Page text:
Identifying safe(r) public spaces for women in Mexico City. Part 2: From quantitative to qualitative analysis

Posted 31 de Marzo de 2022

Mexico City. GIZ-UNDP.

By: Alejandra Cervantes, Technical Advisor, Agenda 2030 Initiative, GIZ Mexico; Daniela Torres, Technical Advisor, Agenda 2030 Initiative, GIZ Mexico; Gabriela Ríos, Head of Exploration, UNDP Mexico Accelerator Lab.

In the first installment of this series, we recounted our initial steps in using the Data Powered Positive Deviance (DPPD) method to find public spaces in Mexico City that were safer for women than other spaces with similar characteristics. This included clustering AGEBs—the basic geostatistical areas used in Mexico City—into three homogenous groups and using the number of female victims of crimes—that took place in public spaces—in investigation files as our performance measure to identify positive deviants. In this second installment, we share our latest progress.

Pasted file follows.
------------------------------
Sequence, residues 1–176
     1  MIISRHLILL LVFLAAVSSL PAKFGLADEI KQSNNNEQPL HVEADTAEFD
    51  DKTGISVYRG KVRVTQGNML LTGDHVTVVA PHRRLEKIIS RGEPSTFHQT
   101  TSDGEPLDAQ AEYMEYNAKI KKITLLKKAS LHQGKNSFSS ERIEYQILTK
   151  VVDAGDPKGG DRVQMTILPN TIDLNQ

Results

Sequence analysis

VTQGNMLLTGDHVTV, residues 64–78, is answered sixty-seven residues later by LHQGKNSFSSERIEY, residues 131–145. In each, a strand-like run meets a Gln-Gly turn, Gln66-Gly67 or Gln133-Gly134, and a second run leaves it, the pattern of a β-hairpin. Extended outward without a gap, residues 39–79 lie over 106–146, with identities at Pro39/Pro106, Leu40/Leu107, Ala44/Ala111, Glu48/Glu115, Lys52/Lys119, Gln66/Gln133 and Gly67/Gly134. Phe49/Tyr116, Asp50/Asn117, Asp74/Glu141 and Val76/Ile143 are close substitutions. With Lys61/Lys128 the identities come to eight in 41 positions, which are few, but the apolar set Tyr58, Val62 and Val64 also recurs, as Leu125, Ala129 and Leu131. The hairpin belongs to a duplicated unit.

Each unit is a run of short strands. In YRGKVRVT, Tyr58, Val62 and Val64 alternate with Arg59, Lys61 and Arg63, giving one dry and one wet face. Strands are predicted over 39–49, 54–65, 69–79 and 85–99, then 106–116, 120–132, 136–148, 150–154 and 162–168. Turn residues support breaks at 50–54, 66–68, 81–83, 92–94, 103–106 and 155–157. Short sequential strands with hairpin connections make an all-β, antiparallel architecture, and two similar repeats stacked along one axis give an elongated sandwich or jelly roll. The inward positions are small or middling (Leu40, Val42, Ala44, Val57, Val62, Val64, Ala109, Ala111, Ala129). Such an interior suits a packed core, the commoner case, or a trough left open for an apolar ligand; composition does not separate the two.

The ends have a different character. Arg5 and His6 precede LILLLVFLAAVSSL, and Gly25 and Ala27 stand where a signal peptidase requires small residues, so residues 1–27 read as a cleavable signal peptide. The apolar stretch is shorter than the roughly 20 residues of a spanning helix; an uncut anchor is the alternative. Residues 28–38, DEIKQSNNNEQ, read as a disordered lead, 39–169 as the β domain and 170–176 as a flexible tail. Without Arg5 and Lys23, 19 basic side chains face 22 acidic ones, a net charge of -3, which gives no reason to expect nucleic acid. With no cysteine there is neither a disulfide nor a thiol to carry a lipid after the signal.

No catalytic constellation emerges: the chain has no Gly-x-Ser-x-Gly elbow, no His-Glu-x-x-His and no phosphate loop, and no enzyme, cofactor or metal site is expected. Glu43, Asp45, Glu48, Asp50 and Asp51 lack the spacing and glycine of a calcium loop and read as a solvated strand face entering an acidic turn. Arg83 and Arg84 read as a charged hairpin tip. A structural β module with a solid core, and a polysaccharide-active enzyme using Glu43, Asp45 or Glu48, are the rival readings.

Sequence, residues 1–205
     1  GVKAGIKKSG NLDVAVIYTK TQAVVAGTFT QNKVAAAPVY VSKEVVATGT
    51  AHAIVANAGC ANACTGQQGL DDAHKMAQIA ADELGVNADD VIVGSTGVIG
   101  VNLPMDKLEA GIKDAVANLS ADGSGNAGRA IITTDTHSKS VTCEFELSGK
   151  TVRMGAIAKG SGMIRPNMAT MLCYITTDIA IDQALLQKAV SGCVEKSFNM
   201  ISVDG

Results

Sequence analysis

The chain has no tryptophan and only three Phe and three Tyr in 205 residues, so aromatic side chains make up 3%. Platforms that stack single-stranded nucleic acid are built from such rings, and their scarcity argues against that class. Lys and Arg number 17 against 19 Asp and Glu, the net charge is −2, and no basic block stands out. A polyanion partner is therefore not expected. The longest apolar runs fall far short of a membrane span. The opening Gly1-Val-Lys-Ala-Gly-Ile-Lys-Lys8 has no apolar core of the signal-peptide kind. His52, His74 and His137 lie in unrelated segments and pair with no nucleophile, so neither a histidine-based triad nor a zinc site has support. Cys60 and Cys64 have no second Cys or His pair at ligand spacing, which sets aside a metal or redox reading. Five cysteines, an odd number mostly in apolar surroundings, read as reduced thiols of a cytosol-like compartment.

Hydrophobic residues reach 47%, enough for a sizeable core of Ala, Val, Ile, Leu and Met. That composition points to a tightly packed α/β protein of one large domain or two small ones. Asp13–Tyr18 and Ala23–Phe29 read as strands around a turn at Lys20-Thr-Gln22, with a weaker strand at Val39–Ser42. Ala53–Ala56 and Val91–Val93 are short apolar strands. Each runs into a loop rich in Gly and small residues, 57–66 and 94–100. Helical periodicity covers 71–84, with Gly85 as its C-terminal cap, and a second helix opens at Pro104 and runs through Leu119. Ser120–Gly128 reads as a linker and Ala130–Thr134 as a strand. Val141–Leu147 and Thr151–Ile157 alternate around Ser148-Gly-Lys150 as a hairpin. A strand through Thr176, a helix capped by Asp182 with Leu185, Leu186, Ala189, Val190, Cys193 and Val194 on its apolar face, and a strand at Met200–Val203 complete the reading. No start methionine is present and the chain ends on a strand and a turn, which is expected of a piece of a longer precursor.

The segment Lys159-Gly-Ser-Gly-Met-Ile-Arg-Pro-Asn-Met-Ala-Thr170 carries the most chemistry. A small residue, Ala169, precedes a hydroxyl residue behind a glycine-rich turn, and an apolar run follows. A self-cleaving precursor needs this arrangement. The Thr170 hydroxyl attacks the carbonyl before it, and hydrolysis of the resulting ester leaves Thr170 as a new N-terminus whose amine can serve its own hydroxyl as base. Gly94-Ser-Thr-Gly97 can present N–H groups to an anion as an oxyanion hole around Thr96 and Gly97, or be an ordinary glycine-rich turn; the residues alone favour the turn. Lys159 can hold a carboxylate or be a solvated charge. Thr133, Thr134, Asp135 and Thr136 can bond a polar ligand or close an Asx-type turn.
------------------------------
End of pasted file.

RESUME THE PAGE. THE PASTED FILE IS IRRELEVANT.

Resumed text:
GIZ and the United Nations Development Programme (UNDP) in Mexico are collaborating with the Government of Mexico City to carry out this project, particularly, through the Ministry of Women, the Digital Agency for Public Innovation (ADIP) and the Center of Command, Control, Computing, Communications and Citizen Contact (C5). 

Recap of the first steps of the pilot, recounted in the first blog post of this series.

Finding positive deviants: Which public spaces are safe(r) for women?

One of the strengths of the DPPD method is that it encourages a focus on outliers— communities, or in our case public spaces, where uncommon grassroots solutions may be found—at scale—by using digital data that cover large geographic areas and time frames. We say “may be found because field research is necessary to confirm if an outlier in the data is indeed a positive deviant.